Still no payment to Record publisher’s creditors

In what industry insiders are calling “almost comical” and the “regular Friday extension”, Morris Publishing Group, LLC, publishers of The St. Augustine Record and Florida Times Union, announced that they will be granted yet another week’s protection from cross default penalties until October 9, 2009.

As reported last week, creditors of Morris Publishing seem to be signaling that, at some point, Morris must come up with the two semi-annual interest payments totaling $19.4 million that were originally due February 1, 2009 and August 3, 2009.

Last Friday, the senior bank group agreed to extend the date that those overdue interest payments would be made until October 16, 2009 — however, the waiver of cross defaults penalties arising from the overdue interest payments was only extended for one more week.

Being in non-compliance with the financial covenants outlined in its senior subordinated notes could trigger an acceleration of the date on which the entire balance owed would come due.

Slumping advertising revenues caused by the recession and changing media appetites have hurt Morris Publishing and other newspaper companies throughout the United States. This no doubt has contributed to the willingness of Morris’ creditors to relax the terms of their notes.

Thursday, Jacksonville Business Journal editor John Burr appeared with Business Journal reporter Kimberly Morrisson on WJCT Radio station 89.9 to talk with “First Coast Connect” producer and host Melissa Ross about the restructuring at Morris Publishing.

Burr, who has been with the Jacksonville Business Journal since June 2008, was previously Assistant Managing Editor at The Florida Times Union between January 1999 and the time he went to work for the Business Journal.

Burr’s assessment is that the Morris family, primarily Billy Morris who inherited the company from his father, built its chain of newspapers on debt. Burr said that the Morris Family is certainly “no stranger to debt”.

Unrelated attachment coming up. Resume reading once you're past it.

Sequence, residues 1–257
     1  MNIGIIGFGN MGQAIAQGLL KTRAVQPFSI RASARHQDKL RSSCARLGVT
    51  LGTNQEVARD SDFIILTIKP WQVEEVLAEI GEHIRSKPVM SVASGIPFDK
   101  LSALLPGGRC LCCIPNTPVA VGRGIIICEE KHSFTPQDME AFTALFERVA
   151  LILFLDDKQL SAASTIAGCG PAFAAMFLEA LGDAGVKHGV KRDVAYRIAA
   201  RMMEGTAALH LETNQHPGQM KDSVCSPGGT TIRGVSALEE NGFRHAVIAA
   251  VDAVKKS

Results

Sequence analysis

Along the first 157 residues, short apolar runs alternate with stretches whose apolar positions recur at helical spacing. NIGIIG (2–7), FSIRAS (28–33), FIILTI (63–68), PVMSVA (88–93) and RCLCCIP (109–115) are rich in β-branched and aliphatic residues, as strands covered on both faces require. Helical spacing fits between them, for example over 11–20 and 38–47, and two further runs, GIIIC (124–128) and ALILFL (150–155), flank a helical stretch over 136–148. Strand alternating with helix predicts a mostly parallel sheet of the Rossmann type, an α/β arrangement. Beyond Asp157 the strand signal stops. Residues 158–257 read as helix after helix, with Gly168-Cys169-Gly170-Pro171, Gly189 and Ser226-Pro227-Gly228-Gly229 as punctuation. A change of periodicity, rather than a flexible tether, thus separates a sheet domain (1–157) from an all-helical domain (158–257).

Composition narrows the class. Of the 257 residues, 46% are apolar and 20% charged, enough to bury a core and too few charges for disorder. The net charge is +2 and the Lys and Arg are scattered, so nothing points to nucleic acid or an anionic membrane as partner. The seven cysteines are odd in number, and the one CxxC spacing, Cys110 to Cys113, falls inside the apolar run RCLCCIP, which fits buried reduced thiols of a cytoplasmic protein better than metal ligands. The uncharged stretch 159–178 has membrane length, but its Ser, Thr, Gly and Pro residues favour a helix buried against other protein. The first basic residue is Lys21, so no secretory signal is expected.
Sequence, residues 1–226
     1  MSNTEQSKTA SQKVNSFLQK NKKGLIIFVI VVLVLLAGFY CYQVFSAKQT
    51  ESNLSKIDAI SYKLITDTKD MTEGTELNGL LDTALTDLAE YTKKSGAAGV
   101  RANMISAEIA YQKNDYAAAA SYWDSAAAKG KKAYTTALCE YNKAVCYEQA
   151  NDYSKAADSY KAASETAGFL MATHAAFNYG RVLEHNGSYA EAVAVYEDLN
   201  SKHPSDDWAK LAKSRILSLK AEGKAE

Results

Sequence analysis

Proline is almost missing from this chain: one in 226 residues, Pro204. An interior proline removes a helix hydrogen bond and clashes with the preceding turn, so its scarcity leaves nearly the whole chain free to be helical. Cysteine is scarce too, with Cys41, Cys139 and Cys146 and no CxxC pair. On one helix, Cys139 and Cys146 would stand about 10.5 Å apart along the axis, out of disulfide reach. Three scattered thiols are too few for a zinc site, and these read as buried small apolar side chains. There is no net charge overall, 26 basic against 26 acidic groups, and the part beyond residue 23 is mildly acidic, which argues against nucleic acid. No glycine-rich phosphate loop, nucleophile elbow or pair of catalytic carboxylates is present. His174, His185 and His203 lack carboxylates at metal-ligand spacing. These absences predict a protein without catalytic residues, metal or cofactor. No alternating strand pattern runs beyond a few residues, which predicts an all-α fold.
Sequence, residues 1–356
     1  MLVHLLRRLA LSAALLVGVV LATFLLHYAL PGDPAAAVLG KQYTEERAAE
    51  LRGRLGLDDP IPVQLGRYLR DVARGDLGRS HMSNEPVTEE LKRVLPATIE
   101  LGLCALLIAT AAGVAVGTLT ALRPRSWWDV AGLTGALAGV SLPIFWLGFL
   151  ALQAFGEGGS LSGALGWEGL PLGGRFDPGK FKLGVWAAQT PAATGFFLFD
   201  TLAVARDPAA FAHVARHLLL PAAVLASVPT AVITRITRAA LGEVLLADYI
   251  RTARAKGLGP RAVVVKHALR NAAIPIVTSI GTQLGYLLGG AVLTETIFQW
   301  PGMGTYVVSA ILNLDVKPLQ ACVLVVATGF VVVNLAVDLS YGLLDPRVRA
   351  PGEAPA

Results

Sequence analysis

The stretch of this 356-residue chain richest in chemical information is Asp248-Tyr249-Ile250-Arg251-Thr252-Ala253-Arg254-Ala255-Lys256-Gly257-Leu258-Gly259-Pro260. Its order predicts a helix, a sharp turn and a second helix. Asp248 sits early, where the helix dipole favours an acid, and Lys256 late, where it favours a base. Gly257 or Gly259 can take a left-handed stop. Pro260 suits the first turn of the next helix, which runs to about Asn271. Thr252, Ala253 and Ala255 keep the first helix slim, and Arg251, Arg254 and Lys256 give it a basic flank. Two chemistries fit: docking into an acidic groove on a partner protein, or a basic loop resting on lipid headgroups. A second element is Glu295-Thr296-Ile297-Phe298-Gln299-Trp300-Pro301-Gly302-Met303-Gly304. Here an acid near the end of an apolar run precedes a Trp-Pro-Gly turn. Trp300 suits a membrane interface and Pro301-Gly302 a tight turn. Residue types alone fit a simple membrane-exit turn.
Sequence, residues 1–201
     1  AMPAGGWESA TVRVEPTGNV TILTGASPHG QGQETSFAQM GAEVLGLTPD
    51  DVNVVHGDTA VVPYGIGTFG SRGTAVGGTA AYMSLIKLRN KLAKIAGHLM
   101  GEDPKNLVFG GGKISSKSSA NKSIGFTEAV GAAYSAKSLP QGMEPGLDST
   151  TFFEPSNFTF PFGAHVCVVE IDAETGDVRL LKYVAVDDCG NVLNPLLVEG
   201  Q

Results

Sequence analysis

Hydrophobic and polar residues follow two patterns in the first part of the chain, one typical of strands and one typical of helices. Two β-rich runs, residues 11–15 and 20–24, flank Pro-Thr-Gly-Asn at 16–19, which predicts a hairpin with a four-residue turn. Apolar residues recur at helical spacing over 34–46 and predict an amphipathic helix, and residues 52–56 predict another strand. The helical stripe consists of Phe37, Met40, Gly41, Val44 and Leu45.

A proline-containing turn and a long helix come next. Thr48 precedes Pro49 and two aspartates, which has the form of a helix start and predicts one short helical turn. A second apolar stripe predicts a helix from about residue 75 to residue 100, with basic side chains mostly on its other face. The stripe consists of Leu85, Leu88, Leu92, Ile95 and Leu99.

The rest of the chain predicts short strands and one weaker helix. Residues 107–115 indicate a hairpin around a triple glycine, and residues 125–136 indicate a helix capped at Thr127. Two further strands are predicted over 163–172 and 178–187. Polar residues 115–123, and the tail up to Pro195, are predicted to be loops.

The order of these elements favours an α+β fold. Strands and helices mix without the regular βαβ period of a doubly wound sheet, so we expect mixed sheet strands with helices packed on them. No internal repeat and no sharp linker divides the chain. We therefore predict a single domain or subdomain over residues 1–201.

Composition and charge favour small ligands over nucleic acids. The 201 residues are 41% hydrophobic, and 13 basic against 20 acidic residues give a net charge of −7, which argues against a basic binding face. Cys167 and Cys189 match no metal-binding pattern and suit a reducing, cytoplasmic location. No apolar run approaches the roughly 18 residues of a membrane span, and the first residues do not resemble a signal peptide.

According to Burr and Morrison, Morris Publishing has bought some time; however, Burr says that everyone has been struggling to come up with a new business model for print in order to survive — but no one has come up with it yet. One of the big hurdles Burr sees for Morris Publishing is how to continue to attract advertisers in the digital age.

Morrison says that the weekly extensions can be attributed to about 25% of Morris Publishing’s debt holders who are not willing to accept less money for their notes. In Morrison’s view, Morris is likely making ultimatums to its creditors — “We can do this the easy way or we can do it the hard way”, she said.

To avoid fighting off their creditors in U. S. Bankruptcy Court, Morrison says that at some point Morris will have to pay, but, when asked by Ross, she admitted that it “remains to be seen” if they will be able to.

Morris Publishing used to be known for extremely high profit margins, “exceeding 40% most of the time”, according to Burr, and, “40% to 45%” of revenue to the chain was generated by the Florida Times Union. The success from advertising sales had a cost on the “news side”, Burr says. “Not a lot of money went back into the news product itself. Instead, the money went back to the Morris family.”

About three years ago, Morris Publishing sold off thirteen of its newspapers. In addition to a major restructuring at Morris, which Burr says is “not going to be easy or fun”, at some point in the next year, the economic recession is going to have to abate.

Photo credits: © 2009 Historic City News photographer Kerry McGuire


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